Snow basin assessments for late May and early June show below normal snowpacks for the Burns Lake and Houston regions, as warm weather has quickly melted snow across most parts of British Columbia.
“This year, low June 1st snowpack reflects melt that is 1-3 weeks ahead of normal for most areas. This is the result of an early start of the melt season at low elevations from warm weather in late March, and generally lower than normal seasonal snow accumulations,” said the River Forecast Centre in its Snow Survey and Water Supply Bulletin on June 7.
There was no data for the snow basin index for the Upper Fraser West basin, which includes Burns Lake, Fort St. James and Vanderhoof. But Dave Campbell, head of the BC River Forecast Centre told Lakes District News that the basin has experienced similarly low snowpacks and high snowmelt of neighbouring basins, and the level would be in the 20 per cent of normal range.
It was at 61 per cent of normal on May 15; and at 21 per cent of normal on June 1, 2018, much lower than the 120 per cent of normal level in 2017.
For 2015-2016 the readings were lumped in with the Upper Fraser East basin, making the June 1 level lower than 46 per cent of normal in 2015, but higher than the 5 per cent of normal in 2016.
The neighbouring Skeena-Nass basin – comprising Houston, Smithers and Terrace – is at 22 per cent of the normal level, and was at 56 per cent on May 15.
The Nechako basin – to the south – was at 19 per cent. It was at 52 per cent of normal on May 15.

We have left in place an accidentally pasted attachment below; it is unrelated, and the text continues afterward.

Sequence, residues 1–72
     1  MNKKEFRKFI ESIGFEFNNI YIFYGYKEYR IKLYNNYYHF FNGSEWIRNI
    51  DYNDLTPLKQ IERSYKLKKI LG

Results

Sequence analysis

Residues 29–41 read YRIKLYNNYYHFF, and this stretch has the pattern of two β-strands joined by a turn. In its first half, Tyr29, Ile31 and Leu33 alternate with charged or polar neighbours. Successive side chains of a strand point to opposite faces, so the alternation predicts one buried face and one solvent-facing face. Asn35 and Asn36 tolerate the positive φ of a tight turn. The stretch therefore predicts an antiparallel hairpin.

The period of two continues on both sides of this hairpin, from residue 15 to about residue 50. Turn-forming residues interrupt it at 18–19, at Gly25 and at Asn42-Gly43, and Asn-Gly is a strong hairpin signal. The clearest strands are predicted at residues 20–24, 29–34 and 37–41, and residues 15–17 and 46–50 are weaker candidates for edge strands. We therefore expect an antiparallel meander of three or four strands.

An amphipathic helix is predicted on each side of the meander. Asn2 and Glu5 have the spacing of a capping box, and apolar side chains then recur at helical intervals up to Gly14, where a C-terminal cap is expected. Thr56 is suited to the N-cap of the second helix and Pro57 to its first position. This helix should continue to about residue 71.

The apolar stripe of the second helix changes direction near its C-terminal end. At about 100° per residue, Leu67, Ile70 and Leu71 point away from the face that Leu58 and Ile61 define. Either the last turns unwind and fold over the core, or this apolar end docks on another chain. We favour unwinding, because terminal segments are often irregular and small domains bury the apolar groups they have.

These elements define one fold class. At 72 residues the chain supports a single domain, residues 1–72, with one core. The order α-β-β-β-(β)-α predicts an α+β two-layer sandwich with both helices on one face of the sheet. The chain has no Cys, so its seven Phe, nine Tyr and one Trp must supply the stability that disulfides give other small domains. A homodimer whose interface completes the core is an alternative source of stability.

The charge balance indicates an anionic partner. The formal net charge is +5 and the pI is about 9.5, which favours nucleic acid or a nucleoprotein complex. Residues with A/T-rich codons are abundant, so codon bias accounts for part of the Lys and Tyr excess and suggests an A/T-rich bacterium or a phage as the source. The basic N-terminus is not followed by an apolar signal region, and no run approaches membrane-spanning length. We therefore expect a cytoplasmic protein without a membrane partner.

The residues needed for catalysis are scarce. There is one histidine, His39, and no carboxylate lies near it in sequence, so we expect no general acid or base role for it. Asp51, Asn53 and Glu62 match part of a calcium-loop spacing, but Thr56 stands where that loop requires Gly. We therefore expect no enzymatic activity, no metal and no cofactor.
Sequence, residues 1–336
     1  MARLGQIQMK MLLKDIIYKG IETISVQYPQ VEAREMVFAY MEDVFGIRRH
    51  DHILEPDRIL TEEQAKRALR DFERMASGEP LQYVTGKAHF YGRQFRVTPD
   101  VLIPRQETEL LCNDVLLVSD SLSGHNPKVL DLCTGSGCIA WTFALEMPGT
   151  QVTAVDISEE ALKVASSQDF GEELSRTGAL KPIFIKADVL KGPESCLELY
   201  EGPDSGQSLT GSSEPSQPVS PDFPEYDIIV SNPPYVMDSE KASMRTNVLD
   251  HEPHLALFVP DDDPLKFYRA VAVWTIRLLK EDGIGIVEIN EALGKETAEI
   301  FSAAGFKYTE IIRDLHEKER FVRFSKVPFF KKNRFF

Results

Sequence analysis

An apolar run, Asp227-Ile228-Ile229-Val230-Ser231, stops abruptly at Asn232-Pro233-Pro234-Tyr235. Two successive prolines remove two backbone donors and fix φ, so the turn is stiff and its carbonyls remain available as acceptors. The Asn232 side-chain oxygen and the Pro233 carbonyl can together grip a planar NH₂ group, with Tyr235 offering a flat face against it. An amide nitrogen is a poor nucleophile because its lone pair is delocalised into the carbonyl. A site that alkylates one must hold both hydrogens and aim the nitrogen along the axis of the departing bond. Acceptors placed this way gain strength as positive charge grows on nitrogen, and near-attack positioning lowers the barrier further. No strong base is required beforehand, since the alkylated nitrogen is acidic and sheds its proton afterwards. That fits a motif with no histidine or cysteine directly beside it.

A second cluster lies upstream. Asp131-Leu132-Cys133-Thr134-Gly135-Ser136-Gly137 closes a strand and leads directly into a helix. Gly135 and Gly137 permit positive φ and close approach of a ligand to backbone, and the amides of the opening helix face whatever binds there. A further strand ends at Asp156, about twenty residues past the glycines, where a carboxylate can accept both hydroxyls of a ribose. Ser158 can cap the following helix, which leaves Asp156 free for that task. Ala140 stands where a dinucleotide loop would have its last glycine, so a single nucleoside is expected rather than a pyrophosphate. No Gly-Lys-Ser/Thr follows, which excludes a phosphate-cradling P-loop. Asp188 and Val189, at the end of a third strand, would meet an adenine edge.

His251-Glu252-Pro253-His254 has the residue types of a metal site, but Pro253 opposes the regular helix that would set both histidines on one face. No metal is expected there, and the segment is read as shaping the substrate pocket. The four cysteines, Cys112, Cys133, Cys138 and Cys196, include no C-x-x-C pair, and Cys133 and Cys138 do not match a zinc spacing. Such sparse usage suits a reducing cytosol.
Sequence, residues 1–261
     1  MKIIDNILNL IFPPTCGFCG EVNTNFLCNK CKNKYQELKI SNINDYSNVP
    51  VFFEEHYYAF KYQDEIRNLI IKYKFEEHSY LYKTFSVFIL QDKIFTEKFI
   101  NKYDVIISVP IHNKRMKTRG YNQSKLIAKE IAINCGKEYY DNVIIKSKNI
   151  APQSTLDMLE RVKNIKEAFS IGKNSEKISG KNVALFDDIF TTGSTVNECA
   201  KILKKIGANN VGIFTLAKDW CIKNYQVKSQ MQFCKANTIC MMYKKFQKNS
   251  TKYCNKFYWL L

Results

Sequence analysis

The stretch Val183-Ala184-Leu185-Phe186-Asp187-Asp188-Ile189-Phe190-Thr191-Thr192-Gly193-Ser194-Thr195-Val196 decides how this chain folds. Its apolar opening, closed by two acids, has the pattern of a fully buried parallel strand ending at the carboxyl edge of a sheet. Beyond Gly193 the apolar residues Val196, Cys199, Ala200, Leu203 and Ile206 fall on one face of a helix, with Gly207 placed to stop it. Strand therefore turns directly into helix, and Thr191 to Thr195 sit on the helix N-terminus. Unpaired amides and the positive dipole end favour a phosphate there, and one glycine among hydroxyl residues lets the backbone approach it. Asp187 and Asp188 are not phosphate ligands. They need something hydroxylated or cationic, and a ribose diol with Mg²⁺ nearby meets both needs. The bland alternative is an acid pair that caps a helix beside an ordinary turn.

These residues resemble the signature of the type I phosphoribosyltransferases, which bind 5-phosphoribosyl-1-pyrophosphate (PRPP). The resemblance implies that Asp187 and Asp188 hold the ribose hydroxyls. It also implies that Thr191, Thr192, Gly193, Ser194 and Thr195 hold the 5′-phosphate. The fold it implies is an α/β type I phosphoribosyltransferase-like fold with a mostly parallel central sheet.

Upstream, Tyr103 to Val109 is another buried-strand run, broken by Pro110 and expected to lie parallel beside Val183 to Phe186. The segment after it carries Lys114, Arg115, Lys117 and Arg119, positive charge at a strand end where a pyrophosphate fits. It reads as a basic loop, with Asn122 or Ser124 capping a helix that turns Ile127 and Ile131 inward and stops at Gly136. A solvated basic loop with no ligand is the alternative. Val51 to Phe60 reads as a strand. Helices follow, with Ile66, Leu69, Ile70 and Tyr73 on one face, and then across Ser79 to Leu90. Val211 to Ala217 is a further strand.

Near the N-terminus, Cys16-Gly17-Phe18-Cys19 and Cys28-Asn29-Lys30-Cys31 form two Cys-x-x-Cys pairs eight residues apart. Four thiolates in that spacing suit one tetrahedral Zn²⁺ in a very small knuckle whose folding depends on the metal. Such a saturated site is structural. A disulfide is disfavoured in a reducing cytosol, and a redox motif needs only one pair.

The levels for the Nechako and Skeena-Nass basins are among the lowest since 2013.
The early melt saw 55-100 per cent of the snowpack melt across most sites. Mid-elevation areas are now snow-free.
Though that means the flood risks are now minimal, streamflows are low and there is more susceptibility to drought, Campbell said.
“We’ve really seen [streamflows] dropping off over the last week or so,” in the Upper Fraser West basin. “We’re transitioning into lower than normal flow this year. The smaller tributary creeks are below normal.”
Low flows are expected into the summer, the report said.
Wet weather over the past week changed what had been the recent dry spell, which makes fuels drier and contributes to wildfire risks.
Higher temperatures are expected to continue, with Environment and Climate Change Canada forecasting above normal summer temperatures for June-August across B.C.
Most of the province, including the northern Interior is classified as “dry” (Level 2) by the B.C. Drought Information Portal. Only three regions – Upper and Lower Columbia and West Kootenay in the southeast – are “normal.” The East and West Vancouver Island and Fort Nelson regions are “very dry.”